‘Slow fashion’ attention on natural fibres

‘Slow fashion’ attention on natural fibres


Sheep
Ethical and sustainble fashion is shining a spotlight on natural fibres.

Ethical and sustainble fashion is shining a spotlight on natural fibres.

Aa

The growing issue of ethical fashion has shone a spotlight on the sustainability of “fast fashion” and in turn, guiding the fashion industry down a road toward more sustainable fibre use.

Aa

THE growing issue of ethical fashion has shone a spotlight on the sustainability of “fast fashion” and in turn, guiding the fashion industry down a road toward more sustainable fibre use.

“Fast fashion” is a term coined to the quick turnaround times between runway, manufacture and retail which can be as short as ten days.

During a presentation at the Australian Sheep and Wool Show’s Women of Wool, Bendigo, Vic, Whitehouse Institute of Design head Karen Webster called on consumers to rethink the volume of clothes they have in their closets.

“Fifty years ago designers used to do two collections a year, spring/summer, autumn/winter,” she said.

“A lot of people still think that’s what we do, but in reality, it is quite different.

“The average fashion designer now creates anything between 18 to 25 collections a year.”

Ms Webster, a leading fashion advocate, said the top end of fashion’s pyramid had also responded to the rise of fast-fashion by emulating a similar model with collections, pre-collections and pre-pre-collections.

This is a discussion the large global clothing chains want to avoid, she said, with some fashion designers expecting to produce a new collection on a weekly basis.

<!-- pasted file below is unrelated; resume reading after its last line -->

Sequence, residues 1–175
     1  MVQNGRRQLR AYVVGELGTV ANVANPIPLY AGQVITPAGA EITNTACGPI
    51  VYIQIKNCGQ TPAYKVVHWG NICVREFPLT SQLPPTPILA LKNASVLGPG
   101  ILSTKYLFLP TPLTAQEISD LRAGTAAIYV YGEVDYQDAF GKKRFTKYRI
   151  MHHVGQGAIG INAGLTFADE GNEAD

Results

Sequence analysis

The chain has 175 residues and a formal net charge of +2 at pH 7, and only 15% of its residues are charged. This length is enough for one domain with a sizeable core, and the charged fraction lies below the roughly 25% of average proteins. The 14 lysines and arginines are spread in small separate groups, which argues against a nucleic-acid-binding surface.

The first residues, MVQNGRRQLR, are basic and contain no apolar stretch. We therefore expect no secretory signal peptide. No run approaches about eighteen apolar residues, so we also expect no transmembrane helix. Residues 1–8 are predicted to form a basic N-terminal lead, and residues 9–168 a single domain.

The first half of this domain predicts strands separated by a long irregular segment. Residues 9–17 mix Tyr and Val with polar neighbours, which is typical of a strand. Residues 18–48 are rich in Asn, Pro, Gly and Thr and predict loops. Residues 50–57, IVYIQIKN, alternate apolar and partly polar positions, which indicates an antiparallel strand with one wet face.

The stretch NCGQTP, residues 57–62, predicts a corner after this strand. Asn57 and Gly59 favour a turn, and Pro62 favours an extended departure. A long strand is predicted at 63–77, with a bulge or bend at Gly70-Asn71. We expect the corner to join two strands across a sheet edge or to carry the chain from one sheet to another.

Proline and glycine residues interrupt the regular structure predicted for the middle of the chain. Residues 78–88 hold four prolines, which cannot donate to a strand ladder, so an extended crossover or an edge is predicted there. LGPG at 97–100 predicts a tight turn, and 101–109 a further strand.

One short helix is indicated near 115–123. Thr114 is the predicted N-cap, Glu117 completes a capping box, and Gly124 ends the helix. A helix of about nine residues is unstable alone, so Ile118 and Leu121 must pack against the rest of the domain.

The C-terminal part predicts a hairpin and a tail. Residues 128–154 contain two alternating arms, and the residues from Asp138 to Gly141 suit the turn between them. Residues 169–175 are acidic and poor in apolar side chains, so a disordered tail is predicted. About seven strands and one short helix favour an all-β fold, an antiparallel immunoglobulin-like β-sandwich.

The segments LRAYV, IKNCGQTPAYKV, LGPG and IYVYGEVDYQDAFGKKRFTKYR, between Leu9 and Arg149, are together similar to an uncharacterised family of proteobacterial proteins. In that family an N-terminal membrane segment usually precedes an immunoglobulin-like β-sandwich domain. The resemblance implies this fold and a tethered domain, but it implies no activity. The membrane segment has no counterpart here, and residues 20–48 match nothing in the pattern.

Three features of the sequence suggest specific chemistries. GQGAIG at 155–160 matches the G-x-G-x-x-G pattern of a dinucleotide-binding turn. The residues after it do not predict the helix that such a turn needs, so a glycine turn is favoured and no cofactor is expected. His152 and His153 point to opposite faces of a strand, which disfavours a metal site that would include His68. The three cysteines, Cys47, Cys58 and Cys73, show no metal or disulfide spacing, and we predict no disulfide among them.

Whitehouse Institute of Design head Karen Webster, one of the country's leading fashion advocates, called on consumers to rethink the volume of clothes they have in their closets.

Whitehouse Institute of Design head Karen Webster, one of the country's leading fashion advocates, called on consumers to rethink the volume of clothes they have in their closets.

 “What has this done? It has created a speed culture of fast fashion which means we are producing far too many clothes,” Ms Webster said.

In the 1960s, she said households spent on average 20 per cent of the family income on clothing.

Currently people spend on av less than 4pc but are purchasing 60pc more clothes.

“If you spent 20pc of your family income on clothing now, the fashion industry would be the most buoyant and dynamic industry,” she said.

“The industry now from concept to delivery into retail store can churn ideas out in less than 10 days – where is the time for reflection and review?”

The social impact is extraordinary with Australian charities spending more than $20 million annually on disposing textile products dumped in third world countries.

“Our next generation of designers need to think about the way they design,” she said.

“And (consumers), only buy what you love; if you don’t love it, do not buy it.

“Our designers today need to understand how to respect quality – true manufacture.”

She said the wool and cotton industries were well placed to leverage from the sustainable fibre movement, but urged for greater provenance and production promotion.

“We need to tell a story, it’s about the narrative,” she said.

“When you buy something with a story, you are going to keep it because it is something special and potential heirloom.

“We need to respect the craft again.” 

Aa

From the front page

Sponsored by